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Taking (Redevelopment) Matters In Your Own Hands

An overview into Self Re-development by Co-operative Housing Societies
With the ongoing slump in the real estate market and further slowdown in the sector owing to the Covid-19 pandemic, it appears that self-redevelopment will become the norm for the ensuing years to come.

Apart from saving costs, another major advantage is that the members of the co-operative housing society themselves control the process of redevelopment which is undertaken to suit their needs and requirements. The society members decide on the plans, designs and amenities which they desire to have.

Further, the members also get extra area in the new flats as compared to the areas which they are offered in case of re-development by builders. This is in addition to receiving the proceeds of the free sale flats also belong to the society alone. Most importantly, all rights are vested in the society and its members alone and there is no need to part with any development rights over the property.

MahaRERA chief Gautam Chatterjee in the foreword of the book 'Compendium of Self Re-Development for Cooperative Housing Societies' has advised that: "It is very important to understand the challenges and the risks associated with redevelopment rather than concentrating on the benefits of extra area and corpus alone. These words of caution indicate that undertaking self-redevelopment can be quite a herculean task in itself.

One of the major obstacles is the lack of expertise and the technical procedure for such redevelopment. Another tricky area is liaising with government authorities to obtain all the approvals and to manage the invoicing, accounting and taxation of the project - which processes, usually, the members are neither acquainted with nor have the time for it in addition to their professions. Thus, the society's committee members are required to devote substantial time and efforts to manage the self-redevelopment competently and to monitor the progress of the project as per accepted standards and the expectations of the society members.

Further, the redevelopment is to be financed initially by the society and for the later part it can procure finance from the nodal bank. Finally, once the project courses through the initial hurdles, the society may not have the resources or ability to sell the free sale component of the project, which may give rise to a difficulty in recovering the project costs and repaying the loan availed.

Through all these stages of the project, the societies have to face the issue of differences between the committee members and residents arising out of the several decisions to be taken for the redevelopment, in which case the committee members have to be extremely careful and accountable.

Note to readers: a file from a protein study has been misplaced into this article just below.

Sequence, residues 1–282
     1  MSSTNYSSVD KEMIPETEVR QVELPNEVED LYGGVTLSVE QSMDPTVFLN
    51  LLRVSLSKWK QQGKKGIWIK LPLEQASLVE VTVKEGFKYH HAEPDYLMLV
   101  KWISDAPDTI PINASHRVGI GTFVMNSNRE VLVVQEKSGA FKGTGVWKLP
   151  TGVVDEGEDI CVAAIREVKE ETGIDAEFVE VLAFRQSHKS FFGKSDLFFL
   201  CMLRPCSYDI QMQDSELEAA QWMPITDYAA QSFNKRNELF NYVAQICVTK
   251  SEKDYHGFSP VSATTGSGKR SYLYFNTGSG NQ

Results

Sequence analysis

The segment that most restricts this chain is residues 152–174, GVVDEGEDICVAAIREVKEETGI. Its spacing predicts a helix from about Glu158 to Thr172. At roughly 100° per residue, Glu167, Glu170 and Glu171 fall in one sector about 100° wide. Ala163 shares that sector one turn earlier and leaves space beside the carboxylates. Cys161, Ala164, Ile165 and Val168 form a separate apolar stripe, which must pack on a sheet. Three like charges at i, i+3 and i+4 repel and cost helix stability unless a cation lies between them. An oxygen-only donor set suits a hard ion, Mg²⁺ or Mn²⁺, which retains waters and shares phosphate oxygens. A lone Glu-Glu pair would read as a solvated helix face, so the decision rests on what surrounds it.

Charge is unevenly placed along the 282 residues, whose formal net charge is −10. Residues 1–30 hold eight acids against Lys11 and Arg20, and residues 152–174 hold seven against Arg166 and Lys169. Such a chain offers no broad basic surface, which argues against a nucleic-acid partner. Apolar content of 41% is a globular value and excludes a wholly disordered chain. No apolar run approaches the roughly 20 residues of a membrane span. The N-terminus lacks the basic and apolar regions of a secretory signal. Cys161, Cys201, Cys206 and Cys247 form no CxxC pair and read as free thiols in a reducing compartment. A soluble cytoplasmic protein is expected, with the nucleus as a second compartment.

Mumbai city's first case of self-redevelopment itself was a misfire, since the project was stalled on account of suspected fraud in the dealing with TDR. The Chairman and Secretary of ‘The Ganesh Nagar ‘D' Co-Operative Housing Society' at Mahalaxmi had sold the same TDR to three different people and had sold it a value lower than the market price. Therefore, in this case, despite all the efforts of the members of the society, the project could not be completed on time due to the wrongful conduct of the Chairman and Secretary.

Having said that, there are several examples which serve as precedents for self-redevelopment. For instance, the residents of Charkop Jin Prem Cooperative Housing Society in Kandivali (West), Mumbai, completed the project of self re-development within 2 years and received their full occupation certificate within the said period.

In order to foster the growth of self-redevelopment projects, the Government of Maharashtra had passed its Resolution dated 13th September, 2019[1], granting several incentives to co-operative housing societies undertaking self-redevelopment.

The key features of the said Government Resolution dated 13th September (the GR) for self-redevelopment are as follows:
  • Eligibility: Self-redevelopment can be undertaken only by those societies whose buildings are more than 30 years old;
  • Single Window Scheme: Commencement of a single window scheme where all approvals would be granted at a single place by a single authority;
  • Period prescribed for sanction of the scheme: All sanctions and permissions to be granted by the authority within a period of 6 months from the date of receipt of the proposal;
  • Floor Space Index / Incentive Area: Grant of FSI/Incentive Area of additional 10% over and above the FSI prescribed in the concerned Development Control Regulations. Similarly, grant of an additional 10% FSI if the Rehab Area for the residents is more than the permissible F.S.I. In respect of the buildings on roads having width less than 9.00 meters, FSI of 0.4 to be granted without any premium instead of the present permissible 0.2 FSI (with premium);
  • In respect of the roads necessary for the redevelopment: Relaxation of the condition of having two access roads and grant of permission to such societies whose buildings are adjacent to roads having width of 9 mtrs. in dense population and 12 mtrs. road width having less population. Similarly, land should be made available to the concerned society for making the road width of 9.00 mtr. and concessions should be given proportionately in the Front Margin of the building;
  • Transferable Development Rights (TDRs): TDR to be made available by the concerned Planning Authorities at the concessional rate of 50% of the Ready Reckoner Rate;
  • Concession in the Premium Rates: Concessions to be granted by the concerned Planning Authorities in the premia rates;
  • Stages for payment of Premium: Premium to be paid in stages/instalments instead of collection of lump sum amount;
  • Concessions in payment of Taxes / Charges for the registered cooperative housing societies adopting self-redevelopment:
    • Land Under Construction Assessment Tax (LUC Tax): Exemption from payment of LUC Tax in case of completion of the self-redevelopment by the societies within prescribed period;
    • Stamp Duty: Stamp duty concession to be provided in line with those available for beneficiaries of the Pradhan Mantri Awas Yojana (@Rs. 1000/- for new flats to existing members);